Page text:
At present, in order to create value for next generation, we have implemented our five-year medium-term management plan called Shin-Kijiku “Innovation,” which began in the fiscal year ended January 31, 2017. We are successfully proceeding with the measures in the plan. Indeed, we retired outstanding interest-bearing debt ahead of schedule, which was one of the four management goals for the fiscal year ended January 31, 2019.

The first action plan in the Shin-Kijiku “Innovation” sets out: “We will work on developing the environment for the sustained creation of value at Tokyo Dome City into the future.” We have already completed the renovation of Tokyo Dome and Spa LaQua as part of our 80th anniversary commemorative project. Also as part of the project, we opened two new attractions in the Geopolis area of TOKYO DOME CITY ATTRACTIONS: Panic coaster “Back Daaan” and 3D shooting “Gan Gun Battlers.” Moreover, driven by increasing domestic and international visitors to Tokyo Dome City, in March 2019 we opened “FIRST CABIN Tokyo Dome City,” a hotel with the concept of low-cost, compact, and luxury. We are aware of the importance of making effective use of our “hard” assets as well as marketing in such a way that sells not the individual facilities of Tokyo Dome City but its appeal as a “town” going forward.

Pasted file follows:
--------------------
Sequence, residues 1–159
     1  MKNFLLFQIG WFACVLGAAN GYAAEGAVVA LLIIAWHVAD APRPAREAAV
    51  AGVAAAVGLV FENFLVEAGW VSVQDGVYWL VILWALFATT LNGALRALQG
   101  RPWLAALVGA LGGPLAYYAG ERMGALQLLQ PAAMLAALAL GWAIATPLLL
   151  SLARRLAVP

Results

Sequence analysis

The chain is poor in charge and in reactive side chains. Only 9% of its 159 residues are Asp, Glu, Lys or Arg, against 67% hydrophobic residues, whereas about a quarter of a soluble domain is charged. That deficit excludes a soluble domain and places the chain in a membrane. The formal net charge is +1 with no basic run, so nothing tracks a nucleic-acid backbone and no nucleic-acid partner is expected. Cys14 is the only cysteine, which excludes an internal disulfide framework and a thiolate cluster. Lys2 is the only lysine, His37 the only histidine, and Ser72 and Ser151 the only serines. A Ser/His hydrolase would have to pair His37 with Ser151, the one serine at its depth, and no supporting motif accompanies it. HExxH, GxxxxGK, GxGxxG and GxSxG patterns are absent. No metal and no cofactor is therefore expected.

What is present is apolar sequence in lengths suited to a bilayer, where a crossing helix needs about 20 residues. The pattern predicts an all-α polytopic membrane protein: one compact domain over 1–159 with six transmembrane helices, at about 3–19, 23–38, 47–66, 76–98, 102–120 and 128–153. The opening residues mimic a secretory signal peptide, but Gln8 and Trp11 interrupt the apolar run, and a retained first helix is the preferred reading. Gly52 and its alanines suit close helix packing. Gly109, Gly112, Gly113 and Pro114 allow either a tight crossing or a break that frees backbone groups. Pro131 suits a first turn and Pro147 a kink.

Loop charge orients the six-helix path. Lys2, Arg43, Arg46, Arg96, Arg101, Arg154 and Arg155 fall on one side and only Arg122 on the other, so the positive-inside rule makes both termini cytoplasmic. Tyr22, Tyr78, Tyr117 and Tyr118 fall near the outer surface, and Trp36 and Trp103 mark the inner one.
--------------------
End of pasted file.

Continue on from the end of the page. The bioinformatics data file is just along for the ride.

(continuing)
Part of that effort includes a website “Stroll Tips” launched to communicate attractive local information of the 2 km radius area from Tokyo Dome. In recent years, places in and around Tokyo Dome have continuously worked to eliminate barriers to comings and goings. In light of this, our aim is not to corral customers into facilities of our Group, but to encourage visitors to enjoy Jinbocho, Kagurazaka, Hakusan, Yushima, and other neighboring areas while also stopping by Tokyo Dome City. In doing so, we hope to continue growth while maintaining win-win relationships with neighboring communities.

Main efforts ongoing during the Shin-Kijiku “Innovation” plan period

Initiative Duration
Massive renovation of Tokyo Dome 3 years from January 2016
Establishment of Tokyo Dome Group Education Center February 2016
Start of offering Audio guide Q July 2016
Start of Stroll Tips website September 2016